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March20 podcast Dr Hazen
anti-TMA pill in a year or 2 ? (scroll 12 mins)

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MEBO Karen
at UK Findacure conf 2020

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MEBO Map Testing & Meetups

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MEBO - UBIOME study 2018



MEBO Gut Microbiome Study
"Microbial Basis of Systemic Malodor and PATM Conditions (PATM)"
Funded by uBiome Research Grant

"Microbial Basis of Systemic Malodor and PATM Conditions (PATM)"

Dynamics of the Gut Microbiota in
Idiopathic Malodor Production

Started May 2018 - Ongoing

Current people sent kits : 100/100
3 kits per person


Participation info : LINK English

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BO Sufferers Podcasts



TMAU Petition world
TMAU UK end total:262
TMAU UK ends 23/01/20
TMAU Petition USA end total 204
USA : Moveon open
TMAU (Dominican)
Metabolomic Profiling Study

Start : Aug 2016
Stage 1 : 27 Canadian volunteers to test
Latest click here (26 oct) :
17 samples returned

Note : Stage 1 is Canada only.
Return cut-off date : passed
Analysis can take 6/8 weeks
Analysis start in/before Nov
MEBO Research is a
NORD Member Organization
See RareConnect TMAU

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Denver TMAU Test Lab survey click here
click to Read more/less

USA survey for anyone who wants to improve Denver TMAU test

begun : Dec22
end : no ending for now

A trainee genetic counselor is working at the Denver TMAU test lab. Probably as part of her training. As a project she wishes feedback on any aspect of the Denver TMAU test and process. You can fill in the survey and/or email her (email address is in survey). It's meant for USA people, but perhaps others can give their view too (as we have so few opportunities).

quote from her rareconnect post

"Hello all! I wanted to make you aware of a research study being conducted to better understand the experience and needs of individuals with trimethylaminuria with a goal of being able to create improved patient and healthcare provider education materials. Any participation is completely voluntary and all responses remain confidential. Feel free to use the contact information within the link with any questions or share the survey with others with TMAU."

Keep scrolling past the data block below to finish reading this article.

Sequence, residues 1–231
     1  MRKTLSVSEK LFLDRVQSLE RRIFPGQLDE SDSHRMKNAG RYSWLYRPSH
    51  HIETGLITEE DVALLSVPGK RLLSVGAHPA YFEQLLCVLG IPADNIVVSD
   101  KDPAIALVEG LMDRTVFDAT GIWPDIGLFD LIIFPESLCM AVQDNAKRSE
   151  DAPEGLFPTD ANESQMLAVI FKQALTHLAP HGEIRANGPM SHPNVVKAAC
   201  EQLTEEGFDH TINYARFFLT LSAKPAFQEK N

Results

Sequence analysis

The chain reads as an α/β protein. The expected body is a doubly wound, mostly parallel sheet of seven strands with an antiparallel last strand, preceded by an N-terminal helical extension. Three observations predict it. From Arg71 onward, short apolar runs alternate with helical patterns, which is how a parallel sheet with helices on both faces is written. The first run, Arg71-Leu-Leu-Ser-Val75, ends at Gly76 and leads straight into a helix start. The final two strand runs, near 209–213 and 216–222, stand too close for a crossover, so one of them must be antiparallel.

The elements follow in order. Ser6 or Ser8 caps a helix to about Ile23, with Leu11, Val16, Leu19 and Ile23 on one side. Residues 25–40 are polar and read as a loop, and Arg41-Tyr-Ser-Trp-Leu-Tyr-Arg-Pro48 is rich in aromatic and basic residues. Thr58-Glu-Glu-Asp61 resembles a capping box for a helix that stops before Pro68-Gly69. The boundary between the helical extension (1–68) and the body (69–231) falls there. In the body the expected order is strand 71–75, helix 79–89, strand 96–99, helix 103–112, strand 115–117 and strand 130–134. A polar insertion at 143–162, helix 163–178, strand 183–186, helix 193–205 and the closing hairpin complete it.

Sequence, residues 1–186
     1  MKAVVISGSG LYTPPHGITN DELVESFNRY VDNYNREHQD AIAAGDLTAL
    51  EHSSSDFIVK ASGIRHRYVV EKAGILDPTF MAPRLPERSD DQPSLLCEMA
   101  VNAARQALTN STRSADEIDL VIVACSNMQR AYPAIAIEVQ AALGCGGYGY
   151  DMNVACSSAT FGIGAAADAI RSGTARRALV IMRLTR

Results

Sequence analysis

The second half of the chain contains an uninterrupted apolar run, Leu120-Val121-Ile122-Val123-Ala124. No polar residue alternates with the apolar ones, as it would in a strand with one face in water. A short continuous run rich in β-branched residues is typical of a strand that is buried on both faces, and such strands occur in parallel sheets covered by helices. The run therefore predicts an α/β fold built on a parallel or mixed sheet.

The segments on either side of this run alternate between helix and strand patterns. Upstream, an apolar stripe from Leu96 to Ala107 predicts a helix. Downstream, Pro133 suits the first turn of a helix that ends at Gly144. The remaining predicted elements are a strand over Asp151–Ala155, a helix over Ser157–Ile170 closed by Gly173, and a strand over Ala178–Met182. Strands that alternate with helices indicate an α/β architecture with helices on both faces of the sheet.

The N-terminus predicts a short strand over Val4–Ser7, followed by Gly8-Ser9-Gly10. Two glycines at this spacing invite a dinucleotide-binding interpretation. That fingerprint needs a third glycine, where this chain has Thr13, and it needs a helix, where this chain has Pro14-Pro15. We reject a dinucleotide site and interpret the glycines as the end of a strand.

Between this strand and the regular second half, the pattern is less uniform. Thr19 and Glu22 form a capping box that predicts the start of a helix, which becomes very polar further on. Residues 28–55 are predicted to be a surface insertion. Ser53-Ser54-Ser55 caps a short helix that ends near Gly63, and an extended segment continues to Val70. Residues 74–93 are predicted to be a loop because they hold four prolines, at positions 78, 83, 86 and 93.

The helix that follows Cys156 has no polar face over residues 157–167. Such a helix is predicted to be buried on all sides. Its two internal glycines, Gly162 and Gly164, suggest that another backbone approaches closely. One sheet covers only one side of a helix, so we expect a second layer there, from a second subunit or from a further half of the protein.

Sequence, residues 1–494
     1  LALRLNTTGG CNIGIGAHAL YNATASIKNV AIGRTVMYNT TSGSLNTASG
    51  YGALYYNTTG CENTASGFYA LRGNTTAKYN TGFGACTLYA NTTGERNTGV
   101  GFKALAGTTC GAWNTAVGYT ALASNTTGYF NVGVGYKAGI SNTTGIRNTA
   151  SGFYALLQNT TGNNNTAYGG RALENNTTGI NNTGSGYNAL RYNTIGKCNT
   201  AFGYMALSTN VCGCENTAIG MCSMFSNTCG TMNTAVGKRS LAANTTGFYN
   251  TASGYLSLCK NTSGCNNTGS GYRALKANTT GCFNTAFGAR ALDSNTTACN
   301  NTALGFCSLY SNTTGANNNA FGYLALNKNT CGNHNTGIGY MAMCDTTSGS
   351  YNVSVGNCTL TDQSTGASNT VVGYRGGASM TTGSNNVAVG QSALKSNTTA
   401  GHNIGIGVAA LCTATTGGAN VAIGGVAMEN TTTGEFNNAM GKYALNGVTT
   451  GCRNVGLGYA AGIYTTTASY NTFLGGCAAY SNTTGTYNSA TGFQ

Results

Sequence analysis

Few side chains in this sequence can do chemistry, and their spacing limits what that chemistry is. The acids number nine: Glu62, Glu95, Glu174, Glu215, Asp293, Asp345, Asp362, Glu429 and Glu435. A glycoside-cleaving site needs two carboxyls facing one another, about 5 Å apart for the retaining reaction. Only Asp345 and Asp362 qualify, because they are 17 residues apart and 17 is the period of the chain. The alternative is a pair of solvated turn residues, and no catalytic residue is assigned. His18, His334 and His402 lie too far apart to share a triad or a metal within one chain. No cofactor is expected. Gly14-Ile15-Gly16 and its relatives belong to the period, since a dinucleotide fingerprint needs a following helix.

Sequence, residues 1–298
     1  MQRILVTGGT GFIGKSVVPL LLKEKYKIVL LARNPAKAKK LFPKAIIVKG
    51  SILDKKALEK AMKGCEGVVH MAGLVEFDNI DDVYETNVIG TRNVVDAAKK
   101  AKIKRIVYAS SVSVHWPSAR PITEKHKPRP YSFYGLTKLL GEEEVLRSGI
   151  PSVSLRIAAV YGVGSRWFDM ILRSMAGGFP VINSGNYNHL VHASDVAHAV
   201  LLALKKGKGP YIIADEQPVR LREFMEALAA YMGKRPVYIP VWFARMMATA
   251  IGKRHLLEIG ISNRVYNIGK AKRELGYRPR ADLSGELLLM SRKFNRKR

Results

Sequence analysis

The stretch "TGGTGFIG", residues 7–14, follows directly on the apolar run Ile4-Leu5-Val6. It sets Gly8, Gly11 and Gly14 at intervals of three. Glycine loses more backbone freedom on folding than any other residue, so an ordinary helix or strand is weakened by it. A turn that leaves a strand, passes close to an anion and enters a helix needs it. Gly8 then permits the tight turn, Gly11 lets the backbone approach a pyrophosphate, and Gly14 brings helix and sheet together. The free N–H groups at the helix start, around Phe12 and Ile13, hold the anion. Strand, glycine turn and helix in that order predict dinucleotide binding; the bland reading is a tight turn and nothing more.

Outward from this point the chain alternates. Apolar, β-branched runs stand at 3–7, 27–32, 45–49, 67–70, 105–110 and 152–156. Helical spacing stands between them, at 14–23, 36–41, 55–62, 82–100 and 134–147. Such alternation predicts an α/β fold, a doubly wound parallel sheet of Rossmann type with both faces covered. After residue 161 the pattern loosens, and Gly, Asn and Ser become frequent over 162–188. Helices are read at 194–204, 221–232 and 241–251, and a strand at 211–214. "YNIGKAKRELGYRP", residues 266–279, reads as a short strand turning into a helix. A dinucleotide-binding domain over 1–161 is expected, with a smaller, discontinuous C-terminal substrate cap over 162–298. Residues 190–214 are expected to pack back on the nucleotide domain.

see this post for more details

Sunday, August 17, 2008

Parasites: ruling them out

not to be used as advice
post refers to intestinal parasites only.
tests referred to are clinical laboratory tests

With bloodborne body/halitosis, the 2 obvious lines of investigation would seem to be the detox enzymes, and the gut ecology (and gut function). Since bloodborne body odor is an unknown/unrecognised condition (apart from trimethylaminuria and one paper on dimethylglycinuria), it would seem that ruling things out would seem an option. It would be better if these sorts of tests were done as a group ina co-operative way with the intention of defining the syndrome (for instance as medical studies are done), but this doesn't currently seem an option.

With regards gut ecology, one area seemingly worth investigating would be factors that cause gut dysbiosis. Most fecal body odor sufferers seem to feel they have a gut issue, for instance. The 3 groups of potential pathogenic (disease causing) microbes would seem to be: bacteria, fungi, parasites.

This post will look at parasites. On the one hand, they are probably understimated, on the other hand it seems unlikely they are a 'necessary' part of, for instance, fecal body odor 'syndrome'. There are 2 types of parasites in general; helminths and protozoa. Helminths are what we think of as 'worms', whereas protozoans are single-celled. There are all sorts of both types.

Also, with regards being 'pathogenic', some are easily regarded as such (probably termed category B pathogens), whereas some are regarded as 'low-grade' pathogenic or even regarded as being 'asymptomatic' (not disease causing) in many carriers, or their 'pathogenic' classification is still debated (for instance, the protozoa blastocystis. Giardia has not been unquestionably regarded a pathogenic parasite until the last few decades). You can think of these classifications as the same way scientists currently debate global warming.

There are tests available without seeing a doctor to rule out parasites. However, one test cannot be deemed as totally reliable on the 'false negative' side (false negative means the negative may have been wrong). It could probably be assumed false positives are unlikely. It must also be understood that the established medical system may not test for 'grey area' parasites (e.g. 20 years ago they wouldn't have tested for giardia. They wait until they are officially deemed 'parasites' by their established peer group), whereas more forward-thinking labs will (for instance, blastocystis). So if you tested, it would be wise to know what they were looking for.

Whatever anyone does regarding this, they do so under their own responsibility.

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